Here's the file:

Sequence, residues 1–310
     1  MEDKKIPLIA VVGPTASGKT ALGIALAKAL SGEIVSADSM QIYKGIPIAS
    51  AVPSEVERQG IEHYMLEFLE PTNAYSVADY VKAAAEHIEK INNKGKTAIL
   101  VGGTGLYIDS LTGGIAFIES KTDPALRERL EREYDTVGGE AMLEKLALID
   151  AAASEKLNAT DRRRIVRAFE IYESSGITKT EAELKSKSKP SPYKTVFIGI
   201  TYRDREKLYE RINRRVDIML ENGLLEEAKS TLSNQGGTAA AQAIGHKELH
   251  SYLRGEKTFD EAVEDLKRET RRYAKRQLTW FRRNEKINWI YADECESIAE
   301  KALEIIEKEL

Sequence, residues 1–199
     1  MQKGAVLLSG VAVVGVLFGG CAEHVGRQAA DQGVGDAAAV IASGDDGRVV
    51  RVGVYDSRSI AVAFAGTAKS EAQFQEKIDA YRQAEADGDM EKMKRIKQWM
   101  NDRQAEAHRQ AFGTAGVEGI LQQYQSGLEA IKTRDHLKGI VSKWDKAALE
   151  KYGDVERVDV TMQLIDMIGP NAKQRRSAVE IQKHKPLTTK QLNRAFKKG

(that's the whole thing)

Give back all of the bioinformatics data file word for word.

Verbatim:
Sequence, residues 1–310
     1  MEDKKIPLIA VVGPTASGKT ALGIALAKAL SGEIVSADSM QIYKGIPIAS
    51  AVPSEVERQG IEHYMLEFLE PTNAYSVADY VKAAAEHIEK INNKGKTAIL
   101  VGGTGLYIDS LTGGIAFIES KTDPALRERL EREYDTVGGE AMLEKLALID
   151  AAASEKLNAT DRRRIVRAFE IYESSGITKT EAELKSKSKP SPYKTVFIGI
   201  TYRDREKLYE RINRRVDIML ENGLLEEAKS TLSNQGGTAA AQAIGHKELH
   251  SYLRGEKTFD EAVEDLKRET RRYAKRQLTW FRRNEKINWI YADECESIAE
   301  KALEIIEKEL

Sequence, residues 1–199
     1  MQKGAVLLSG VAVVGVLFGG CAEHVGRQAA DQGVGDAAAV IASGDDGRVV
    51  RVGVYDSRSI AVAFAGTAKS EAQFQEKIDA YRQAEADGDM EKMKRIKQWM
   101  NDRQAEAHRQ AFGTAGVEGI LQQYQSGLEA IKTRDHLKGI VSKWDKAALE
   151  KYGDVERVDV TMQLIDMIGP NAKQRRSAVE IQKHKPLTTK QLNRAFKKG